The mortgage market has shown signs of recovery in July, but remains well bellow its pre-coronavirus levels, according to the Bank of England (BoE).
Money and credit statistics for July, out today (September 1), showed mortgage approvals had increased to 66,300 in the month, from 39,900 in June. However, this was 10 per cent below the pre-Covid level of 73,700 in February, prompting the bank to brand the market as "weak".
Approvals for remortgage, were “little changed” compared with June, at 36,000, although they remained 30 per cent lower than in February.
Meanwhile, net mortgage borrowing stood at £2.7bn in the month, up from £2.4bn in June. But that too was below the average of £4.2bn in the six months to February 2020.
The bank said: "The mortgage market showed more signs of recovery in July, but remained weak in comparison to pre-Covid.
"On net, households borrowed an additional £2.7bn secured on their homes. This was higher than the £2.4bn in June but below the average of £4.2bn in the six months to February 2020.
"The increase on the month reflected a slight increase in gross borrowing to £17.4bn in July, below the pre-Covid February level of £23.7bn and consistent with the recent weakness in mortgage approvals."
Despite this, Richard Pike, Phoebus Software sales and marketing director, thought the market had recovered well.
He said: “As July was the first month that the stamp duty holiday came into effect the impetus that we expect it to give to the market was not particularly evident in these figures from the Bank of England.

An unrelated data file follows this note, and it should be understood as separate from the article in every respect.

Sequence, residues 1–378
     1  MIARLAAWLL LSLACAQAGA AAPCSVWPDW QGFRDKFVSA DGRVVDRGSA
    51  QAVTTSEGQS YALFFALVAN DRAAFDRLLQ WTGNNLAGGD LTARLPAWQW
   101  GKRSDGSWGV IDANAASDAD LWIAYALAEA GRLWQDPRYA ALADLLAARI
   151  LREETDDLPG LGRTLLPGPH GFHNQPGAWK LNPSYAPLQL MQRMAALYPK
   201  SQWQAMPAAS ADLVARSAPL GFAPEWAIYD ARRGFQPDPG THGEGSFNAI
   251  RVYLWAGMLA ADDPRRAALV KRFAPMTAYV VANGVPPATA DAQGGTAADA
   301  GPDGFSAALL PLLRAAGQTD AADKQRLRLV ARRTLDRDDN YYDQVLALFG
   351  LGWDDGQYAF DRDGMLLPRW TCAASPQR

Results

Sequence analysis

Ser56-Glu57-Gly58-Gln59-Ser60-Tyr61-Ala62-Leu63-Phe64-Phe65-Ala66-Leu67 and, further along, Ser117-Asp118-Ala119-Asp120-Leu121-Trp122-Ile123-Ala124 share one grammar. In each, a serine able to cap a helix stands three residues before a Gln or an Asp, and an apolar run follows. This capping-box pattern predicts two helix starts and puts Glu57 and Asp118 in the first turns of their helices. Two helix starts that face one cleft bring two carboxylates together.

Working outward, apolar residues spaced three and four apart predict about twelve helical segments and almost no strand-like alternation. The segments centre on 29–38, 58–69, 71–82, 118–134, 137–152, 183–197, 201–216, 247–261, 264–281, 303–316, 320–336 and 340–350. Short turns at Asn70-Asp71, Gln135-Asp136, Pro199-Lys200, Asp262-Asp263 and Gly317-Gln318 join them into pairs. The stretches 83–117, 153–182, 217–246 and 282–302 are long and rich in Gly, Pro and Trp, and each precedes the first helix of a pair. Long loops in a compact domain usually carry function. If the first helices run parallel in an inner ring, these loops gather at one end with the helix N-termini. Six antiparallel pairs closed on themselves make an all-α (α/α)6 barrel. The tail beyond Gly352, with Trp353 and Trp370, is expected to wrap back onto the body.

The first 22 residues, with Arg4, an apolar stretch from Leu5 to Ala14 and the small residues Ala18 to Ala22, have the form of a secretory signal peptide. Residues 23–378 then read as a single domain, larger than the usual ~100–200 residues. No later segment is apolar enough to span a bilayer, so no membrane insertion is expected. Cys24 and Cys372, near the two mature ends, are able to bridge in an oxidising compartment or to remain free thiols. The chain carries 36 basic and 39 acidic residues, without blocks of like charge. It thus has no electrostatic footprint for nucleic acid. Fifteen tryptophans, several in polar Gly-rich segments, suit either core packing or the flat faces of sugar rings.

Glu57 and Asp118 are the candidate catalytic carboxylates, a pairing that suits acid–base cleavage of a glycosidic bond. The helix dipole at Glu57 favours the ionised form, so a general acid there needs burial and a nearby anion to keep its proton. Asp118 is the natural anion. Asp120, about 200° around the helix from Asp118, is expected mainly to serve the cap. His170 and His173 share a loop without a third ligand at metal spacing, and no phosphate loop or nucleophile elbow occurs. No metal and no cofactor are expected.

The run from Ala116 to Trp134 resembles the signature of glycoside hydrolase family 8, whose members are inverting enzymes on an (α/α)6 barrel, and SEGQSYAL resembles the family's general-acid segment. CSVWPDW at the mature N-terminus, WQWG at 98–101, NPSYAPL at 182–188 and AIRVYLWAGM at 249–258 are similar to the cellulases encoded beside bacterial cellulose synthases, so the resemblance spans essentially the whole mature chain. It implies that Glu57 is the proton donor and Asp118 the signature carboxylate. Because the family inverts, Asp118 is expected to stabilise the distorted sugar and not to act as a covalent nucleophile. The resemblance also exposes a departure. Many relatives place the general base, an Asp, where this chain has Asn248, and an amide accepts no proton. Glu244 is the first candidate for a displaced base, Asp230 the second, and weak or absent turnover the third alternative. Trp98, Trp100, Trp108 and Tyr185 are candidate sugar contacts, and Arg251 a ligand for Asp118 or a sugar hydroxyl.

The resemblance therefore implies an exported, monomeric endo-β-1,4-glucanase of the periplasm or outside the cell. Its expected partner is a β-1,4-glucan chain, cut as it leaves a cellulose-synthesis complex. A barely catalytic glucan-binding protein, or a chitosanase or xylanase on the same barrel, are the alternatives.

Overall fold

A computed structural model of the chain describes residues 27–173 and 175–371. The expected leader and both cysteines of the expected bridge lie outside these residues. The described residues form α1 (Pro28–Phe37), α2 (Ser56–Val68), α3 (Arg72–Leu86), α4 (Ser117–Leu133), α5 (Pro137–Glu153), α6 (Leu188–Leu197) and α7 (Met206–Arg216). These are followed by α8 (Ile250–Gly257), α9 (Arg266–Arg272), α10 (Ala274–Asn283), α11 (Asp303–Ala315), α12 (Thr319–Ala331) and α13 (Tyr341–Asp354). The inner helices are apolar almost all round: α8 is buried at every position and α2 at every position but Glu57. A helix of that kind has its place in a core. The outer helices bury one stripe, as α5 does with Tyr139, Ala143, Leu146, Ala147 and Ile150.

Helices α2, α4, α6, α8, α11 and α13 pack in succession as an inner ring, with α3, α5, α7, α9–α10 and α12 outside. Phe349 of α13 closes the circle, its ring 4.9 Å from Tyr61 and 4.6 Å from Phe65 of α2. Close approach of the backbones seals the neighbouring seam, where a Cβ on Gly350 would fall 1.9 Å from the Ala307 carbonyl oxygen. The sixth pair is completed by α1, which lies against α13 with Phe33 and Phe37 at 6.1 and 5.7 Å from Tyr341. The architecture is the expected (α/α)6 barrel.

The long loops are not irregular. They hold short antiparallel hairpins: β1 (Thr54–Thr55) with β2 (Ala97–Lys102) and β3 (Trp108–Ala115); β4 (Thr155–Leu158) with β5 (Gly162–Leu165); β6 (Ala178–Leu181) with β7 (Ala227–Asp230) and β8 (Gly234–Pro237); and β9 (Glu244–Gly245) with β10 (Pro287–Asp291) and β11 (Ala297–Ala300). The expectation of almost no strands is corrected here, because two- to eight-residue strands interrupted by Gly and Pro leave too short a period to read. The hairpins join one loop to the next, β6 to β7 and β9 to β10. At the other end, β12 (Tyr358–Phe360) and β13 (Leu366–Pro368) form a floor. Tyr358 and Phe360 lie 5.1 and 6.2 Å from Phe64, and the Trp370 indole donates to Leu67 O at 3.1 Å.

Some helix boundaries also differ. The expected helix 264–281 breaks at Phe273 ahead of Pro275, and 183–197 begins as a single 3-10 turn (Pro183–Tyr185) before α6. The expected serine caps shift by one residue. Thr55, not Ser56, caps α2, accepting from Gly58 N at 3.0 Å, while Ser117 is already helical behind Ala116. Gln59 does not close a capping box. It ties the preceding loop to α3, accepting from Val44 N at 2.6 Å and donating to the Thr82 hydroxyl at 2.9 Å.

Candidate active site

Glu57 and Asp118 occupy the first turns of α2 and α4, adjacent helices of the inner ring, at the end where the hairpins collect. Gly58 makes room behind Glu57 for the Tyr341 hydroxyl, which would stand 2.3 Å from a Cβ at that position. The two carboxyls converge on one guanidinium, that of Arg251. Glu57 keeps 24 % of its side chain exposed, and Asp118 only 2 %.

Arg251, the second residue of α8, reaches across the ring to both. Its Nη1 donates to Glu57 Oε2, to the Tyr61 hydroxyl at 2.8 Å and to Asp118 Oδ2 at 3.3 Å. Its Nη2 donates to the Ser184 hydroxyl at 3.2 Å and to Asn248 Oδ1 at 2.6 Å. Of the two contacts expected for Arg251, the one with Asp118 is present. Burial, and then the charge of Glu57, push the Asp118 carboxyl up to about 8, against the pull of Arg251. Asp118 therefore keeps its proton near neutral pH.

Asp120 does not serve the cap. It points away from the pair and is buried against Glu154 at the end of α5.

"However, all the evidence points to a continued recovery with many estate agents reporting a surge in properties coming to market.
“For now, the housing market is, in relation to many other sectors, in rude health, and likely to remain that way at least until next April.”
Similarly, Gareth Lewis, commercial director at MT Finance, believes data for August will show “even more of an uptick” in transactions when the stamp duty holiday, introduced in early July, begins to “filter through”.
But he added the data had been depressed by slow service speeds seen at some lenders.
Mr Lewis said: “While July’s numbers show an improvement on June, they would have been better still if transactions weren’t taking so long.
"Lenders still have staff furloughed or working from home, and it is taking them too long to process applications.
“This isn’t going to change for a while yet as they don’t have the capacity to bring everyone back to the office. With many surveyors only just coming back off furlough as well, this is having a negative impact on turnaround times.”
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